Recinto Universitario de Mayagüez Programa de Alerta y Mitigación Contra Maremotos de Puerto Rico FEMA (Agencia Federal para el Manejo de Emergencias)
(October 2000 to March 2003)
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Tsunami Modeling (by Aurelio Mercado)

Based on the 340 potential faults determined under the methodology described above, a simulation was made of each one of them using the Japanese non-linear shallow water tsunami TIME model. Three nested grids were used, starting with the outer grid with a cell size of 27 arc seconds, followed by the intermediate grid with cell size of 9 arc seconds, and the inner grid with a resolution of 3 arc seconds. Figure 6 shows the 3 grids (outer grid plus the intermediate and inner grids in white).  It is in the inner grid that the model was run in its non-linear mode, allowing for the computation of coastal flooding. The induced sea bottom deformation was determined for each one of the potential faults using the Mansinha and Smylie (1971) method. For nearshore bathymetry use was made of recently acquired SHOALS bathymetry. For deeper shelf waters use was made of NOS data, and for deep water we used the Sandwell and Smith (ETOPO-2) bathymetry. For topography use was made of the USGS Digital Elevation Model data for the island, with a resolution of 30 meters. The tsunami model and the data have been shown to provide good estimates of the observed runup due to the 1918 Puerto Rico tsunami (Mercado and McCann, 1998).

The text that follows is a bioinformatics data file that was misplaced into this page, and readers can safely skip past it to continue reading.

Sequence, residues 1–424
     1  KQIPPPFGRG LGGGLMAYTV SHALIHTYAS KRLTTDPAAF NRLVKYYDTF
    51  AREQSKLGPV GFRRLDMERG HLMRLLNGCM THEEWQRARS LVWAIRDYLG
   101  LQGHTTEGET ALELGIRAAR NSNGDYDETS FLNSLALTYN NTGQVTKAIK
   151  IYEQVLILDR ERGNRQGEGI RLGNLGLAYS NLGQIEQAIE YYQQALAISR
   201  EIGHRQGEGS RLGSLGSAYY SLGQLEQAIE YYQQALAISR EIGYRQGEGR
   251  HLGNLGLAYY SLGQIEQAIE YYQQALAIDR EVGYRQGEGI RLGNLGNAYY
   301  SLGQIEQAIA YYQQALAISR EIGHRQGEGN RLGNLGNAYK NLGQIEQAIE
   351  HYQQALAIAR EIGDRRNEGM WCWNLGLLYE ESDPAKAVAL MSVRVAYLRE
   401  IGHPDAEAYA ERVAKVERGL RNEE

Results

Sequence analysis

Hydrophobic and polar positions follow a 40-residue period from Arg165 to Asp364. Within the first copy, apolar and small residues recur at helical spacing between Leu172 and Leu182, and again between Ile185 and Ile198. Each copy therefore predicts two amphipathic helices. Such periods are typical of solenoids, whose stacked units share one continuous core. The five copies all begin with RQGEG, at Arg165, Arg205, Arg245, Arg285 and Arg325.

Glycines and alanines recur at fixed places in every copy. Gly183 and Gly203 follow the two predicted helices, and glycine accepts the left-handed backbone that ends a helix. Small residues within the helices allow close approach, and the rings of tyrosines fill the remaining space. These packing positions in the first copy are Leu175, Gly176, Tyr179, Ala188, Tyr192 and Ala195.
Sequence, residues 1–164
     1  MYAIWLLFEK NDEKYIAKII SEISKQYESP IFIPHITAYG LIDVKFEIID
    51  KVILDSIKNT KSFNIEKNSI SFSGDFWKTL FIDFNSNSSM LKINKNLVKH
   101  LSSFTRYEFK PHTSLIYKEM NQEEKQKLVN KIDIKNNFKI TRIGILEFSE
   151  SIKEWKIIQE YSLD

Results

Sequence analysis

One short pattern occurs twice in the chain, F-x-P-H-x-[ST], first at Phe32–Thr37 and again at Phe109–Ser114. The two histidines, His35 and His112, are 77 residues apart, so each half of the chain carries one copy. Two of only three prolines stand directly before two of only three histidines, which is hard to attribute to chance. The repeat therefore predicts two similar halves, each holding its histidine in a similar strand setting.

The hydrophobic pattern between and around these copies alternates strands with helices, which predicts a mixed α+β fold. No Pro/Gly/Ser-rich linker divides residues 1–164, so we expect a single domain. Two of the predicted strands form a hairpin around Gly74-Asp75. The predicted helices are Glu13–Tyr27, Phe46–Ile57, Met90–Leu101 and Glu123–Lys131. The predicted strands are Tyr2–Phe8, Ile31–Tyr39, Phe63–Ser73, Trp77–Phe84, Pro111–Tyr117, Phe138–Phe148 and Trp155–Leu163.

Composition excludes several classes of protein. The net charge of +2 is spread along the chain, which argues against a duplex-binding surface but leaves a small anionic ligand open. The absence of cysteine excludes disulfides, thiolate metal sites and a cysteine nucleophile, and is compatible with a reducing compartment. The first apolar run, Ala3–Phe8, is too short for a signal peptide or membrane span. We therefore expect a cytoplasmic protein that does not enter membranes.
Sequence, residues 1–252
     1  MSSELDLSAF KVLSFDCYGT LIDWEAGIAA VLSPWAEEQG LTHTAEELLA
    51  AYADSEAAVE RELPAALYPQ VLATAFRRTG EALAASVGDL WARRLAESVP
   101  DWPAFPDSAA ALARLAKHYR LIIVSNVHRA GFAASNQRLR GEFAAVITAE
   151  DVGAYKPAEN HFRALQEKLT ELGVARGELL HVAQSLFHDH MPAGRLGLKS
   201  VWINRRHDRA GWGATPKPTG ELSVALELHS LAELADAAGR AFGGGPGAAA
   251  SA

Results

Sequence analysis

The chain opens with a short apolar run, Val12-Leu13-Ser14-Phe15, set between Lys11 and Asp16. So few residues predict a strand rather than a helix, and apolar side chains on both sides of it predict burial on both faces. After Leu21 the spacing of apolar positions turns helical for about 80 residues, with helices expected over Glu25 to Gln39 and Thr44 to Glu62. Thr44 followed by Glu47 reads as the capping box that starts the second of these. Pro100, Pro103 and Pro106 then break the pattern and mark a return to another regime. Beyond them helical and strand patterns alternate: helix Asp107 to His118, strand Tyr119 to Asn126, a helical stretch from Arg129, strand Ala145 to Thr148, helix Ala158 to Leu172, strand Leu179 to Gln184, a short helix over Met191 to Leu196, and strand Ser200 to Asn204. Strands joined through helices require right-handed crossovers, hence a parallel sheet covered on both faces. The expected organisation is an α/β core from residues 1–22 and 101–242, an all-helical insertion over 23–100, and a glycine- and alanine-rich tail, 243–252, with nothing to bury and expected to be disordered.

Adopting a standard hazard mitigation approach of preparing for the worst, the maximum flooding, irrespective of time of occurrence, at each computational cell for each scenario, was saved. Next, the maximum of the maximums (MOM) was obtained at each computational cell by going through each one of the 340 runs and picking out the maximum among all the runs. The maps prepared are based on the MOM. As in the simulation of the 1918 tsunami, a constant Manning coefficient of 0.025 was utilized.

Results of Task I:

Three tsunami flood maps versions were prepared and are available on Tsunami Flood Maps

  1. Version I will show the scanned version of the USGS maps on top of which is overlaid the tsunami flood with sea surface elevation contours in meters above Mean Sea Level (MSL). 
  2. Version II of the maps consists of the same scanned version of the USGS quadrangle maps on top of which we have overlaid the (manually digitized) inland limit of the flood. That is, it contains no information whatsoever about the elevation of the flood but only the inland limit of the flood. 
  3. Version III of the maps consists of the IKONOS satellite photos of the island on top of which the same inland flood limits have been overlaid. 

(NOTE: It should be understood that due to size limitations, the maps included in this report and on the WEB page are of lower resolution than what is available in the accompanying CD.)

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